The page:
Defective motor vehicle

  • electrical faults

    Within six months after the delivery of goods, the consumer may return the goods to the supplier, without penalty, risk or expense.

    On Wednesday we published a blog on your rights as a consumer to receive good quality goods when buying them from a supplier.

    Yesterday; we had the following query:

    “I just recently bought a motor vehicle in February 2018 from a dealership in Mid Rand and I am not happy with the vehicle as it has numerous mechanical and electrical issue and the dealership is now refusing to carry out any further repairs on the vehicle as they say their one month warranty has now expired. What are my rights?

  • fault car accident

    A previously accident damaged vehicle IS ALWAYS a defective motor vehicle and this is especially true vis a vis the dealer if they did NOT disclose this fact to you at the time of the sale.

    Last week we received this query:

    “In February 2018 I bought a 2016 second hand BMW motor vehicle from a dealership in Gezina, Pretoria and although I have had satisfactory use of the vehicle for the last four months; I have now discovered that the vehicle which I bought in February 2018 was involved in a major accident last year (March 2017); which required repairs apparently totalling R 127350.00 by the insurance company and I am not happy with keeping this vehicle as that fact was not disclosed to me at the time of the sale in February this year and the dealership must have known about the accident. Is this vehicle defective and can I still claim a refund or replacement vehicle for  the dealer I bought it from?”

  • radiator overheat

    We, as consumers, have the choice of repair, refund or replace in the event of goods bought by us being defective or damaged at the time of the sale.

    One of the branches of the Law that we specialise in is Consumer Law and often regarding defective motor vehicles. The inquiry was sent to us yesterday.

    “Can I sue a dealer who has sold me a defective motor vehicle? My attorney told me to sue them for damages and wanted a  R 15000.00 deposit. What are my options? I bought the vehicle on the 20th January 2018 and it now has a seized engine as a result of a defective water connection pipe and I have been quoted R 66400.00 for repairs. Please advise me in this regard.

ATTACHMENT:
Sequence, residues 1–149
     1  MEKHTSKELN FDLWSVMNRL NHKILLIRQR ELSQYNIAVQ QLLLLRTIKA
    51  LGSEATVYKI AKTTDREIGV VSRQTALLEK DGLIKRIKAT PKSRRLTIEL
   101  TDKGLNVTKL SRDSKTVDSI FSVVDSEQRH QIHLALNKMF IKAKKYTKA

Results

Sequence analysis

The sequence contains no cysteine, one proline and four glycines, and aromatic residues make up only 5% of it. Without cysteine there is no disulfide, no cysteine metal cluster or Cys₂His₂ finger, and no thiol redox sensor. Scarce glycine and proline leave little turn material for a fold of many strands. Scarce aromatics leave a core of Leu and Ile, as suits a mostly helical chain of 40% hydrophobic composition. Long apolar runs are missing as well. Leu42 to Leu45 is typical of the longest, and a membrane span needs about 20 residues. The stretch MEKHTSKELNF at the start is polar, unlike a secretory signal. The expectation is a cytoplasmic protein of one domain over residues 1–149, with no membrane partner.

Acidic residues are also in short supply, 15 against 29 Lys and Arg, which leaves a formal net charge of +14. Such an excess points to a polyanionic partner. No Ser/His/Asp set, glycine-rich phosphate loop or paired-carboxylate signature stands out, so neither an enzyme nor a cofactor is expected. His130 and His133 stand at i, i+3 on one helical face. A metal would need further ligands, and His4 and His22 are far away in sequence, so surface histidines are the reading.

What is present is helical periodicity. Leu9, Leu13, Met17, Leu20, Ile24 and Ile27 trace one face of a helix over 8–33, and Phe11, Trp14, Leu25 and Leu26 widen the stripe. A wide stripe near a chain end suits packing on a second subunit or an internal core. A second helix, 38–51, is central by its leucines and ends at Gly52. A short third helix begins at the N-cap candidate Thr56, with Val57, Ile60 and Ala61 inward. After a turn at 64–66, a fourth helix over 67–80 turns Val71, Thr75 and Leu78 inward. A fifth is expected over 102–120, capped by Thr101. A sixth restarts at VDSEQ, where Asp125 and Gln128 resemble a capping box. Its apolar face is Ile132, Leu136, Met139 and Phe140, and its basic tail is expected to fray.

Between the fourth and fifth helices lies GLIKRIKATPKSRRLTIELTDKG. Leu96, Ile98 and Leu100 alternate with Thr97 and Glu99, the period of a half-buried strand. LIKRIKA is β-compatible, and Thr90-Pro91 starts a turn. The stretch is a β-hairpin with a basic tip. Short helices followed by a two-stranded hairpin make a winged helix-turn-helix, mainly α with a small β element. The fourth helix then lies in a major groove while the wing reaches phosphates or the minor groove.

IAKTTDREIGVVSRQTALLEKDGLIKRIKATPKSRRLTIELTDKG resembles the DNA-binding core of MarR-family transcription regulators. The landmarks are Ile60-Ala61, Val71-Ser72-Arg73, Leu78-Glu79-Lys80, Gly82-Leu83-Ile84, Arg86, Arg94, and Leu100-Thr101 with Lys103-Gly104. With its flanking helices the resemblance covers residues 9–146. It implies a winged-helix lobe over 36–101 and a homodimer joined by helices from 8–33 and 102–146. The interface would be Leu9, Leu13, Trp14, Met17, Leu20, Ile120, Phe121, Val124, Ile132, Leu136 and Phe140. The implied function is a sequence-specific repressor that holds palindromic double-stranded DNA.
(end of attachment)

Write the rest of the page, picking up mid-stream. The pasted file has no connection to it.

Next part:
• Lemon vehicle web

    Defective Motor Vehicles:  The choices of a repair, replacement or a refund.

    The Consumer Protection Act No 68 of 2008 (CPA).

    One of the matters that we, at The Legal Advice Office, specialise in is the topic of defective motor vehicles.

    We get many queries at The Legal Advice Office each week from people you want our help regarding the purchase of defective or damaged motor vehicles.

    This last week we got a rather cryptic inquiry:

    “ I have read in one of your blogs of some time back that if I were to buy a defective motor vehicle, or “ a lemon” as you referred to it as; that I have the choice of a repair, a replacement or a refund at the dealer’s expense. Is this true; and if it is; when and how do I go about doing so; as I have definitely bought “a lemon” from a dealership in Boksburg?”

  • defective motor web 

    What are your rights when your vehicle breaks again as a result of soddy workmanship?

    We still get a lot of enquiries from clients and consumers who feel that they have been ripped off.

    A recent example was of a client who had his vehicle repaired by a service provider in Welkom in the Orange Free State.

     “My vehicle broke down on the N1 four months ago. I had the vehicle towed to a service centre in Welkom with an oil leak on the Gearbox. They ended up redoing the engine which took more than 4 months. After doing the engine on the vehicle and when it was still in their workshop; there was a bearing knock and they had to redo the engine again. I had already paid them R162 000.00 for this first repair and they then wanted to charge me again for the second repair even though they never returned the vehicle to me and they failed while the vehicle was still with them to repair it properly in the first place in terms of their quote. What are my rights?”

  • lemon car

    Did you buy a lemon? A recap…

    On a regular basis, we receive queries in by email or phone where the client states something along these lines…

    “I have read your article on your website about “What to do if you have bought a lemon? That is exactly what has happened to me; but please explain in more detail as to what are my legal options now that this has happened to me?”

    One of the branches of the Law that we specialise in is Consumer Law, and in particular, we provide quoted advice and legal services regarding the purchase of defective motor vehicles.